It is believed that oxidative stress, defined as the production of free radicals (reactive oxygen species, short ROS), accumulation of certain proteins (SOD1, TDP43, ubiquitin and neurofilaments), and neuro-inflammation are responsible for the loss of neurons and subsequent progressive neurological symptoms like muscle paralysis, muscle wasting, muscle weakness, loss of body weight, fasciculation, emotional lability and cognitive dysfunction in ALS patients.

How is ALS Diagnosed?

The neurologist is responsible for the diagnosis. The patient is first examined clinically, in particular the muscles must be assessed with regard to muscle loss and strength as well as fasciculations. An assessment of language, swallowing act and respiratory function is also important. The reflexes must be checked. In addition, other functions of the nervous system that are usually not affected by ALS must be examined in order to identify similar but causally different diseases and to avoid misdiagnoses.

An important additional examination is electromyography (EMG), which can prove the involvement of the peripheral nervous system. Detailed investigations of the nerve conduction speed provide further information. In addition, examinations of the blood, urine and, for the first diagnosis, also of the liquor are required. Various imaging examinations are also part of the diagnosis.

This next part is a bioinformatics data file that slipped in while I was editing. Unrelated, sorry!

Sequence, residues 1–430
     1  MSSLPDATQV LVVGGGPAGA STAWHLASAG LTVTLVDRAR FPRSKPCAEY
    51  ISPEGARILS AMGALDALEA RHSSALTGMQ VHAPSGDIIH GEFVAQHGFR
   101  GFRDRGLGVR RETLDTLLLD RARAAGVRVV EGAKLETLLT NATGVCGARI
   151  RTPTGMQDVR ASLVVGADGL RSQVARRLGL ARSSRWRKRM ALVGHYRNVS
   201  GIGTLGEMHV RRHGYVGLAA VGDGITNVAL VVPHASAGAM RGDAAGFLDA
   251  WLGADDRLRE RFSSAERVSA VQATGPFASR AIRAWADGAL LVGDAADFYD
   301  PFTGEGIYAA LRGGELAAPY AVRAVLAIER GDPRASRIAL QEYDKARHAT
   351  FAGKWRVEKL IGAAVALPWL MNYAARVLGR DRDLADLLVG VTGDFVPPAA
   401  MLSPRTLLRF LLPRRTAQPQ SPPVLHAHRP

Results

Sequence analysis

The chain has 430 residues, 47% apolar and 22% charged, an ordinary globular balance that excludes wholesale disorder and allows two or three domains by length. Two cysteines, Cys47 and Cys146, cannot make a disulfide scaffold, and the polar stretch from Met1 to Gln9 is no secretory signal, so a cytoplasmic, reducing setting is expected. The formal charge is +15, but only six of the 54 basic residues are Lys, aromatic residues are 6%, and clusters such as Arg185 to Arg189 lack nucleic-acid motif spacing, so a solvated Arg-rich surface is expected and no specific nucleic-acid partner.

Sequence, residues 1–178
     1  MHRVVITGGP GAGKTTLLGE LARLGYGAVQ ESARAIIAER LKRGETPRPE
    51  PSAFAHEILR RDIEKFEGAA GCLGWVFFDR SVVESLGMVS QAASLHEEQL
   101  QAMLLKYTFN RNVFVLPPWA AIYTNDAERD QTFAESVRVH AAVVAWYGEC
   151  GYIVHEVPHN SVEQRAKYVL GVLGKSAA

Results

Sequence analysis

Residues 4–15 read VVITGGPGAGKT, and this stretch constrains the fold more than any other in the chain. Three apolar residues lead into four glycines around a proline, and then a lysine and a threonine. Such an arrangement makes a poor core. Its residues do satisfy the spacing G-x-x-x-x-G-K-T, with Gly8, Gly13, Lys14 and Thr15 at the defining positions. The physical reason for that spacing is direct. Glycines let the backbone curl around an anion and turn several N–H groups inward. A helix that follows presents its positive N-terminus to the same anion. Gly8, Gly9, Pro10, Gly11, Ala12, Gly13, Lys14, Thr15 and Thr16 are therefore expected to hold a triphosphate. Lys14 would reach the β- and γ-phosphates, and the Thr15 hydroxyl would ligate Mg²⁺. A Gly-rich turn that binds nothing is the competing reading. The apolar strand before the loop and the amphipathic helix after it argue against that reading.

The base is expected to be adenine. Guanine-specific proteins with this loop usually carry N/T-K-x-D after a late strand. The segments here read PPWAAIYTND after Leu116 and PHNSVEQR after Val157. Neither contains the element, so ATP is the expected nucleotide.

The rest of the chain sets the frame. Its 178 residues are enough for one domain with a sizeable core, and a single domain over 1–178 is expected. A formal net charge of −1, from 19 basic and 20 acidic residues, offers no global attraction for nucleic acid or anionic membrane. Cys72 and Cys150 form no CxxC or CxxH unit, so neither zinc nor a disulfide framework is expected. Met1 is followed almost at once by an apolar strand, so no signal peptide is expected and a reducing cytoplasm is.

How can Stem Cells Help ALS Patients?

Recent research has focused on the disease modifying effects of mesenchymal stem cell (MSC) Secretome. Although it is still unclear which ingredients of the MSC-Secretome are responsible for its effectiveness in ALS, several bioactive compounds have been identified, such as BNDF, GDNF, NGF, IGF-1 and VEGF, amongst others. These compounds have the potential to

  • exert a neuro-protective effect,
  • reduce apoptosis (= programmed cell death),
  • increase the secretion of neurotrophic factors by glial cells (the cells in the brain which support neurons),
  • reduce oxidative stress, and
  • modulate the inflammatory process in the brain (stimulation of M2 cells that liberates anti-inflammatory bio compounds).

Further effects of MSC-secretome which have recently been revealed are the removal of protein aggregates, by micro-glia activation (the macrophages of the brain which scavenge for cell waste products, cell debris and infectious agents) amongst other mechanisms.

The available scientific knowledge with regards to the efficacy of MSC-secretome in animal models that are suffering from ALS encourages the development of cell-free products that can potentially eliminate the need for cell transplantation strategies in the future.